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Jomon Fieldwork
Sherds of Wisdom

Nao Tsuda

Between 13,000-2,500 years ago, before there was history - there were Jomon people flourishing throughout Japan. This series literally picks up a new piece of Jomon history in each episode - and via the photographs and writing of Tsuda Nao lays this past before our eyes and thoughts. This episode explores Nishimeyamura, Aomori.


Monogatari—Stories in a Sinking Village

I had arrived in Nishimeya Village, in the Nakatsugaru area of Aomori Prefecture. It was the gateway to the remaining virgin beech forest of Shirakami Sanchi, listed as a natural World Heritage site. The area map at hand showed the Iwaki River flowing northeast, from its source in Mt. Ganmori toward the southern foot of Mt. Iwaki. The Tsugaru Dam was under construction, and its completion meant an archaeological site would be buried under the reservoir. I was there with permission to visit the site while excavation was in progress. Where the Osawa River meets the reservoir is the Kawaratai Site, believed to be the ruins of a settlement dating from the latter half of the Late Jomon to the Final Jomon period (ca. 3,300–3,000 years ago). Excavation work had already been under way for the past five years or so.

I admired the verdant forest on the opposite shore as I stepped onto the bare ground where the grass had been removed for digging. Large buildings measuring over 10 meters in diameter and magnificent stone arrangements that were the remains of furnaces leaped into view on the river terrace. Taking care not to bother the researchers, I approached a furnace and peered inside, and sure enough, the earth was scorched to a reddish-brown color. The span of thousands of years is normally beyond imagination, but at an archaeological site, it’s in plain view between the layers of earth. Fascinating!

Just as this was going through my mind, someone told me I was standing on a 3,000-year-old surface of the earth. Instantly, I felt the present being overlaid by a point in time millennia ago. And as I grew accustomed to walking on the ground full of pits, it began to feel as if that stretch of time and space might not be too far away at all. If I only peeled away the layers of earth and extended my arm, that world might be within reach. . . On this day, I explored the plateau dotted with dwelling sites and the middens found in the slopes nearby. Before I knew it, the sun was setting, and I decided to save the rest for tomorrow.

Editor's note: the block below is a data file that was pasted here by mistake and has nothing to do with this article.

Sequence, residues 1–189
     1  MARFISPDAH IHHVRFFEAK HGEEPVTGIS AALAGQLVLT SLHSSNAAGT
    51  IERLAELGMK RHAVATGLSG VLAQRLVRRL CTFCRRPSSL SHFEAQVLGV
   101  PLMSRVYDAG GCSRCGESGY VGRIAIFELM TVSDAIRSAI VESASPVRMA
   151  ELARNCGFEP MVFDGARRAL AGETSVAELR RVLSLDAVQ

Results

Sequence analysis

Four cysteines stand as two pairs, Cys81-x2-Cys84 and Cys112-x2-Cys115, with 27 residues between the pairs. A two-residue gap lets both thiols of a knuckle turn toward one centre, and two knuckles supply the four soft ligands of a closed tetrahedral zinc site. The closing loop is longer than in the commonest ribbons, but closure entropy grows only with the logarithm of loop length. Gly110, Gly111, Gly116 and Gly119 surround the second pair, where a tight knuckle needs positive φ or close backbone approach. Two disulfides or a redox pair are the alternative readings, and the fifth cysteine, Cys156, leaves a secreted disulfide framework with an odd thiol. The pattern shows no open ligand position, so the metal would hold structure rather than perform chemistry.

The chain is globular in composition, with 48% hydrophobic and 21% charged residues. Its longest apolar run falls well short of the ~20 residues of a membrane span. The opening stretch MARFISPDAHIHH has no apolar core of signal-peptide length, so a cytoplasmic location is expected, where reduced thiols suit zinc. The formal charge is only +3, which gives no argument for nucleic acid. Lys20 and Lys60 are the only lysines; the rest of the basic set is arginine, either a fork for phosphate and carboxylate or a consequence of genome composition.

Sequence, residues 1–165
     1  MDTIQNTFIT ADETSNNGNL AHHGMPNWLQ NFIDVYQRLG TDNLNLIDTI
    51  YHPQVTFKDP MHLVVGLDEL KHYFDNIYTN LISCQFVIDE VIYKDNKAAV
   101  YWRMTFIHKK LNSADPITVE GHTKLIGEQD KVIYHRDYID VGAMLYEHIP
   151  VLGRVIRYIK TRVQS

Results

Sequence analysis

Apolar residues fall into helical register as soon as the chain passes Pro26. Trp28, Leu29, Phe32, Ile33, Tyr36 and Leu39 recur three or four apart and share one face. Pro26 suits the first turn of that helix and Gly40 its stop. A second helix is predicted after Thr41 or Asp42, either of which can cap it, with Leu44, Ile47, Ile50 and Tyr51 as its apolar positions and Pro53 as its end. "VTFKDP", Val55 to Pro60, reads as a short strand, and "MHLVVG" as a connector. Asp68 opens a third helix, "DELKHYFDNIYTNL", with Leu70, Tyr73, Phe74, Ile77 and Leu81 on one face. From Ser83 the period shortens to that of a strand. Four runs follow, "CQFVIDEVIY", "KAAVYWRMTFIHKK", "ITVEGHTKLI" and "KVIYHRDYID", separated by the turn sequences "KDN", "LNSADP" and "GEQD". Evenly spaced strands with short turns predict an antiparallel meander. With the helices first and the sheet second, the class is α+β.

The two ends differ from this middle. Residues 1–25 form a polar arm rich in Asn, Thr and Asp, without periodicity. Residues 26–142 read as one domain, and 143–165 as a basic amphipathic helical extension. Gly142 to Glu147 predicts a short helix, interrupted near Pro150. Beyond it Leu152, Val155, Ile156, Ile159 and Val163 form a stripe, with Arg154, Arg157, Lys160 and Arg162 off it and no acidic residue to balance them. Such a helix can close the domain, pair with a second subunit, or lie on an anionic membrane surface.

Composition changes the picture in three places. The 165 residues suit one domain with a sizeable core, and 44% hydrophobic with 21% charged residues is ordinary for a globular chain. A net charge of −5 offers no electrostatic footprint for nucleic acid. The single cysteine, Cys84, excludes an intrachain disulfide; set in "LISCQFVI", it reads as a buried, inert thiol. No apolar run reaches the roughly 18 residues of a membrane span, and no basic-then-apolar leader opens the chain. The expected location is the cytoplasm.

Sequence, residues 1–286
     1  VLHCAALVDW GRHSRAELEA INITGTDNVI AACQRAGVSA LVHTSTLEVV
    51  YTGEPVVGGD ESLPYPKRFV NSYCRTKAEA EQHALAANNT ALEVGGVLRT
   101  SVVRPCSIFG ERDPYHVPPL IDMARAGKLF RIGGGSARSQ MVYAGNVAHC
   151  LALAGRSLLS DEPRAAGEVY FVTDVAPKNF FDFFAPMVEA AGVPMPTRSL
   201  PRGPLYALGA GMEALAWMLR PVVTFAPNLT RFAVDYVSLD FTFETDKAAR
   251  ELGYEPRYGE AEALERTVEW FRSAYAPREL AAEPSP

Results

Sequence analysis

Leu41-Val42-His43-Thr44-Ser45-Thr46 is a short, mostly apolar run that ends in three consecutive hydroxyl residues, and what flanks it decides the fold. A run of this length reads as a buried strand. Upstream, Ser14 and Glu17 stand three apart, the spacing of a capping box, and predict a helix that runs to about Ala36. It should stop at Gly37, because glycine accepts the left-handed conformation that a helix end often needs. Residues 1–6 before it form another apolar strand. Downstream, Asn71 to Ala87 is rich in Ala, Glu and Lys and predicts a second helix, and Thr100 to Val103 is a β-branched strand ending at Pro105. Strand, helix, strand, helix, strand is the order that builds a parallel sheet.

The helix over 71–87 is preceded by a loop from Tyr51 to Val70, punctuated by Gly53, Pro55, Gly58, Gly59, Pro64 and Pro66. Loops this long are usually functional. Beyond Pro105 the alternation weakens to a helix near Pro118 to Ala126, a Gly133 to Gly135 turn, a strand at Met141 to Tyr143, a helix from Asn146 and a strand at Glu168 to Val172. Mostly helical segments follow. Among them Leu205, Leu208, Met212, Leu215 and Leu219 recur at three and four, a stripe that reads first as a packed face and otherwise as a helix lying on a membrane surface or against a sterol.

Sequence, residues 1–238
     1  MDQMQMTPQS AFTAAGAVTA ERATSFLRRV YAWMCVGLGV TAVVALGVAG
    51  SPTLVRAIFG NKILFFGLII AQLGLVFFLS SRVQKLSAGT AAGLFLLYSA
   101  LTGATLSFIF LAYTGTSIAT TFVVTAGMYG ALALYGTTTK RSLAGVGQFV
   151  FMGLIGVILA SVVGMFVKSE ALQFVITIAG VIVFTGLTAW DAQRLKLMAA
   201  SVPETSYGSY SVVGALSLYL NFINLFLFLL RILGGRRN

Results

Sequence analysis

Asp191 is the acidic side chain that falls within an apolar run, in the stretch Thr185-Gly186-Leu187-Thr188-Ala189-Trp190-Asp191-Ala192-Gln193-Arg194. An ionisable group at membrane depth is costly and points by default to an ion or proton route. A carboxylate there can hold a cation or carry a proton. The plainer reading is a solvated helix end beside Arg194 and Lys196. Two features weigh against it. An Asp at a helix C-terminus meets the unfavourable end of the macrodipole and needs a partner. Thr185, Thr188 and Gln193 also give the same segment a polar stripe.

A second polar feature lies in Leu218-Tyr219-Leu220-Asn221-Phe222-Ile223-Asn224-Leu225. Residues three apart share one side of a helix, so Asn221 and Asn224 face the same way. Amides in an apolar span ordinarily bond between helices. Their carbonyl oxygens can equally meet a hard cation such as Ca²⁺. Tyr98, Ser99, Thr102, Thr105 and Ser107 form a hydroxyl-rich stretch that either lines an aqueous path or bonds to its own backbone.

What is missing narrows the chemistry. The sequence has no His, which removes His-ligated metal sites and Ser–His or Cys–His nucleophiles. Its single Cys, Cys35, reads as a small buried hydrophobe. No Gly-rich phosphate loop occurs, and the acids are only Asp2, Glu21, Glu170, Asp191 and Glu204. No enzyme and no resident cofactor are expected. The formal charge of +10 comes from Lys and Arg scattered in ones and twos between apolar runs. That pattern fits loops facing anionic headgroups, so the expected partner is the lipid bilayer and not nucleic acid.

The next morning, I resumed my survey of the site, watching my step, when word came that a dogu, or clay figurine, turned up in the western midden I rushed downhill. The spring water in the western midden had kept the earth moist, and the black soil produced horse chestnut and walnut shells and bark, and even lacquerware and decorative hair combs, all in surprisingly good condition. The vermillion hue was vivid and brilliant—clearly dewier than the artifacts I had seen before in museums. I realized that the surface was glossy from moisture, of course, but the colors peering out were fresh from Jomon just the same. Up close, there was no room for doubt: the fragment unearthed was the head of a goggle-eyed dogu. Next to the woman cautiously scraping away the mud with a wooden spatula were fragments of what looked like the dogu’s arms.

A curious fact about dogu has been on my mind. The figurines are rarely found in complete form. Most turn up with a broken limb or other body part. It isn’t clear whether the dogu broke naturally under pressure, or it was broken intentionally after having fulfilled some purpose. Either way, it certainly must be our duty to remember, pass on, investigate, and record the condition of each dogu at the time of excavation, before it is “restored” for preservation. I say this because folklore studies around the world support the notion that every objects are imbued with a spirit. In Japanese, the stories that are shared in any given region are called monogatari, written as “dialogue with objects.”

Each dogu figurine had a story, a monogatari—this is my hunch. The contents of the stories may have faded away, never to reappear without perhaps the discovery of a lost Jomon language. And yet, who can say it’s impossible? I gazed at the nameless broken dogu and began imagining the story imbued in the object.

<PAPERSKY no.52(2016)>

Jomon Fieldwork | Nao Tsuda × Lucas B.B. Interview
A conversation between ‘Jomon Fieldwork’ Photographer and writer Nao Tsuda and Papersky’s Editor-in-chief Lucas B.B. The two discuss the ways Jomon culture continues to play an important role in modern day Japan. The video was filmed at Papersky’s office in Shibuya in conjunction with Tsuda’s exhibition “Eyes of the Lake and Mother Mountain Plate” held at the Yatsugatake Museum in Nagano.

Nao Tsuda | Photographer
Through his world travels he has been pointing his lens both into the ancient past and towards the future to translate the story of people and their natural world.